Expert tips on management communications and the power of storytelling
Is it just me--or do a lot of you, too, feel overwhelmed with all the demands on your time? Why does it seem that life only gets more pressured rather than less so as time goes on--and we get wiser, as I have always expected!
An insight from today's news made me feel better instantly. Christina Wall, a grad student Eastern Michigan University, decided to do her master's thesis on what life was like before it was infused with everything high tech. She's living with devices that were in existence prior to 1950. That means no TV (yes, it existed but wasn't a common home device), no computers, no e-mail, no cell phones, etc.
What she's found is that each day seems to have 40 hours! Wall is amazed to discover that she has much more time to read, play the piano, and connect with friends both in person and on the phone (a rotary dial, naturally). She also says she's spending less; without a debit card to mindlessly slide through the checkout, she thinks more about what she buys.
What a relief to know it isn't my imagination! (Of course, I knew I wasn't imagining it, but it's always great to get confirmation.)
It's always gratifying to learn of another company whose leaders appreciate--and effectively use--the power of storytelling. And it's particularly exciting to learn that an organization respected as a leader in a luxury market is dedicated to the practice I've been "preaching" for nearly 14 years.
So imagine how delighted I was to see an article today in BusinessWeek.com about Ritz-Carlton's use of stories. The highlight of the article relates how daily employee meetings at every hotel around the world features the sharing of a "wow" story--the same story at every hotel--that exemplifies the extraordinary level of service the hotel strives for.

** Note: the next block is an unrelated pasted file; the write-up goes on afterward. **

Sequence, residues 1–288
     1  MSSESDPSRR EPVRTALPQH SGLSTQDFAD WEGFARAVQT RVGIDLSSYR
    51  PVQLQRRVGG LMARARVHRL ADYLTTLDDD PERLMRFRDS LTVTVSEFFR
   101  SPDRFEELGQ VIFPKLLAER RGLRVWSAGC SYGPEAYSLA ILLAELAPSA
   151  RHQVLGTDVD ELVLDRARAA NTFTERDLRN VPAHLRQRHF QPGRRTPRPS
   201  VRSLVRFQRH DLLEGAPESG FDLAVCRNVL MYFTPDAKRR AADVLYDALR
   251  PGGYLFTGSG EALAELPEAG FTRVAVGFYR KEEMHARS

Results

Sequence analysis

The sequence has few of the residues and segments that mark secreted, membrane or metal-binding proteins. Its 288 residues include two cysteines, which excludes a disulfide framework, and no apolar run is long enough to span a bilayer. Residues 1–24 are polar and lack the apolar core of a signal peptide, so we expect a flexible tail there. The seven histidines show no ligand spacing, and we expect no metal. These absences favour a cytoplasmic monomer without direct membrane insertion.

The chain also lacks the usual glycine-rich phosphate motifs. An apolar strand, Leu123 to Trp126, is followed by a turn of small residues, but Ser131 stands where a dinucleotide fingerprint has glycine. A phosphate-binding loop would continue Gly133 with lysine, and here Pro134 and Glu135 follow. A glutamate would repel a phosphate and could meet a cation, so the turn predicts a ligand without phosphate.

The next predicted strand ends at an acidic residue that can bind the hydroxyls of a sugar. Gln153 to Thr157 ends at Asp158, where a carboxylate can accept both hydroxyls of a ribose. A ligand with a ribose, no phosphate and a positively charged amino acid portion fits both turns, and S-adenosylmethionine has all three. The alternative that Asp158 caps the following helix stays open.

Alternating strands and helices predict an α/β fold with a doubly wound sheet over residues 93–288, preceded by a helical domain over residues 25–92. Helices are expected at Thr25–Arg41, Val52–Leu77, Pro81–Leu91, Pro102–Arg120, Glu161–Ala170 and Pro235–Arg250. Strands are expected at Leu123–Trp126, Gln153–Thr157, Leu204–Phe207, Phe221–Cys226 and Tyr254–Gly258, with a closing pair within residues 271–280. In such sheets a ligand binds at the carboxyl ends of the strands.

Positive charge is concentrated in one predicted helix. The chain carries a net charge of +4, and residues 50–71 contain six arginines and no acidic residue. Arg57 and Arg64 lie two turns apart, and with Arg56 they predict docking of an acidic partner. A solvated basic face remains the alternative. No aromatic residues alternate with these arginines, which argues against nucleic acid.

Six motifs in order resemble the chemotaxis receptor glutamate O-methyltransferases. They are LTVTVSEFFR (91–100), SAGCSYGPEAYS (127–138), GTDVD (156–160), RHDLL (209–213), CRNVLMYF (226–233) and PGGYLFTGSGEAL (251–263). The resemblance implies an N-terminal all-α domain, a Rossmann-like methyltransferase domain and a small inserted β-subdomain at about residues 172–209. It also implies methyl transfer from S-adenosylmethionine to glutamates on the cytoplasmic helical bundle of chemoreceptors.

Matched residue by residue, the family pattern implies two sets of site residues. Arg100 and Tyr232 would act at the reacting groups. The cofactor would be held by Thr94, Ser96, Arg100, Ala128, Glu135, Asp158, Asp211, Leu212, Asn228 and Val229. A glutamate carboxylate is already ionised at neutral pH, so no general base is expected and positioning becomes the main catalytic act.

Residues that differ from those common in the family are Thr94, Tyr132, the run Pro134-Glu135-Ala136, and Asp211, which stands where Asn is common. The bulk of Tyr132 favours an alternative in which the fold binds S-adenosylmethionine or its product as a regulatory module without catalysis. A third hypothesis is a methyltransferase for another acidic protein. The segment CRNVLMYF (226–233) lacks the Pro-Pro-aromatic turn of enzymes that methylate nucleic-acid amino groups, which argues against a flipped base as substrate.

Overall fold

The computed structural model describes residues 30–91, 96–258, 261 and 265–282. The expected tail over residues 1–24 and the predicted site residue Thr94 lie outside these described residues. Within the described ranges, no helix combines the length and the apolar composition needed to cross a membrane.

One of best things about being a consultant is the opportunity to work with people I enjoy and admire who are bright, successful and creative. Among the most innovative of all the people I've ever worked with are two entrepreneurs named Kevin Young and Bill Span, who are based in a popular, sophisticated, hip, beautiful--and just plain fun--suburb of Seattle called Kirkland, my former home for 16 years.
I've had the pleasure of working with Kevin and Bill as they've launched several companies, contributing my skills in helping them tell their corporate story to prospective investors and customers. The latest is perhaps the most exciting venture. It's called The Branding Foundry, and it's got a powerhouse executive team. Chief among them is Rowland Hanson, the marketing genius behind Microsoft's Windows brand. Rowland was written up in a blog by the Seattle P-I's venture capital reporter today, which you can read by going to the February 1, 2007 posting at http://blog.seattlepi.nwsource.com/venture/
The new company brings together a team of experts in consumer product branding and direct TV marketing (based on infomercial creation and placement) with major retail partners ready to sell the selected products and services after customer demand has reached prime levels. It's an inventor's dream! To read more about The Branding Foundry, go to http://www.thebrandingfoundry.com